Regulatory T cells in human geohelminth infection suppress immune responses to BCG and Plasmodium falciparum

  • Wammes L
  • Hamid F
  • Wiria A
 et al. 
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Abstract

Chronic helminth infections induce T-cell hyporesponsiveness, which may affect immune responses to other pathogens or to vaccines. This study investigates the influence of Treg activity on proliferation and cytokine responses to BCG and Plasmodium falciparum-parasitized RBC in Indonesian schoolchildren. Geohelminth-infected children's in vitro T-cell proliferation to either BCG or pRBC was reduced compared to that of uninfected children. Although the frequency of CD4(+)CD25(hi)FOXP3(+) T cells was similar regardless of infection status, the suppressive activity differed between geohelminth-infected and geohelminth-uninfected groups: Ag-specific proliferative responses increased upon CD4(+)CD25(hi) T-cell depletion in geohelminth-infected subjects only. In addition, IFN-gamma production in response to both BCG and parasitized RBC was increased after removal of CD4(+)CD25(hi) T cells. These data demonstrate that geohelminth-associated Treg influence immune responses to bystander Ag of mycobacteria and plasmodia. Geohelminth-induced immune modulation may have important consequences for co-endemic infections and vaccine trials.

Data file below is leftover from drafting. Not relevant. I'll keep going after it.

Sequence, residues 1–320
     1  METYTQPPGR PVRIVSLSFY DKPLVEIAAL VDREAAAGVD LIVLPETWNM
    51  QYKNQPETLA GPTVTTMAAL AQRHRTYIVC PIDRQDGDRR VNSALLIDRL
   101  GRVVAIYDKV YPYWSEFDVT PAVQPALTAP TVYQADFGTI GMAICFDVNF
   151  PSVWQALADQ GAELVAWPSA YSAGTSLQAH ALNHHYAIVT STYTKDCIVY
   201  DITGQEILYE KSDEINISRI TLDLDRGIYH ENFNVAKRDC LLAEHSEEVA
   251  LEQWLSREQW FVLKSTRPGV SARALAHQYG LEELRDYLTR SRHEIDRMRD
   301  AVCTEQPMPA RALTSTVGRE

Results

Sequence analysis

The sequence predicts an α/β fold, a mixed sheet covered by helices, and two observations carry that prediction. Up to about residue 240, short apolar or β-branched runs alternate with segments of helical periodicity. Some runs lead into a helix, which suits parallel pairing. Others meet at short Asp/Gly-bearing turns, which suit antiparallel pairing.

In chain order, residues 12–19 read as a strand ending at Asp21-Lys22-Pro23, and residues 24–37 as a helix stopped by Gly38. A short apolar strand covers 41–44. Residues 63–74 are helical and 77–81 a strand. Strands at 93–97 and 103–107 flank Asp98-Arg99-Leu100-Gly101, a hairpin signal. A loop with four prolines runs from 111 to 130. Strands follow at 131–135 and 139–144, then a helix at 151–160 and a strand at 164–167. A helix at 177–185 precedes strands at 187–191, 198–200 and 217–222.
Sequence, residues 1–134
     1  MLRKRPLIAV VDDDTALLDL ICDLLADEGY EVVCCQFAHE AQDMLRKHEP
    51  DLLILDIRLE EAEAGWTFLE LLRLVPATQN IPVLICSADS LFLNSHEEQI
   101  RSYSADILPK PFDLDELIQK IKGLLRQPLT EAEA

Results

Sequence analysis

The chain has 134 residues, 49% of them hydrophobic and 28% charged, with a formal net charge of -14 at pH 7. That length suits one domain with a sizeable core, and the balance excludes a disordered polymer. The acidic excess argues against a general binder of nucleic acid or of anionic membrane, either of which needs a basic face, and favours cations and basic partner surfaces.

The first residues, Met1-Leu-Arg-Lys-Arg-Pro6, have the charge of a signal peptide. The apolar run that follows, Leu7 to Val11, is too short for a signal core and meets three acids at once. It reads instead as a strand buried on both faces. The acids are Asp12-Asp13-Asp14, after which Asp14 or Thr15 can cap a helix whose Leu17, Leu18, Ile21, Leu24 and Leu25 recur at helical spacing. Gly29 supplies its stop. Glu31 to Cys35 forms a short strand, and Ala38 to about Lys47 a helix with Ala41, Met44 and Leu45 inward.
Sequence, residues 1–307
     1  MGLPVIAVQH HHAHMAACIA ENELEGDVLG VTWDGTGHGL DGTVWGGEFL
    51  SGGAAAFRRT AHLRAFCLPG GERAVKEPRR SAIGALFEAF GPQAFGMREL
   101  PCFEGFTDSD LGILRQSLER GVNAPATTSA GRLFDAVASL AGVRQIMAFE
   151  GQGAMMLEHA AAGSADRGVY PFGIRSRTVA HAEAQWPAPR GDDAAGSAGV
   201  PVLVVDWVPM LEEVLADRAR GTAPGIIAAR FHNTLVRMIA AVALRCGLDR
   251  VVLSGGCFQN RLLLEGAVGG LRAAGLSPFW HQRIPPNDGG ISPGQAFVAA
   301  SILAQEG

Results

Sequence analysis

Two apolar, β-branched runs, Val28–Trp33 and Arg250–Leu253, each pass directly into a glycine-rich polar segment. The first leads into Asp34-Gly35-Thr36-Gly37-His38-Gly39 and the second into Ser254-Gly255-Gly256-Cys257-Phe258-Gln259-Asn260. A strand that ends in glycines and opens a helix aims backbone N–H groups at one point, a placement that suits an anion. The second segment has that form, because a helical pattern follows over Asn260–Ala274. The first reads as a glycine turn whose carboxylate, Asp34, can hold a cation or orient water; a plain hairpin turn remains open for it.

Author-supplied keywords

  • Coinfection
  • FOXP3
  • Geohelminths
  • Treg
  • Vaccination

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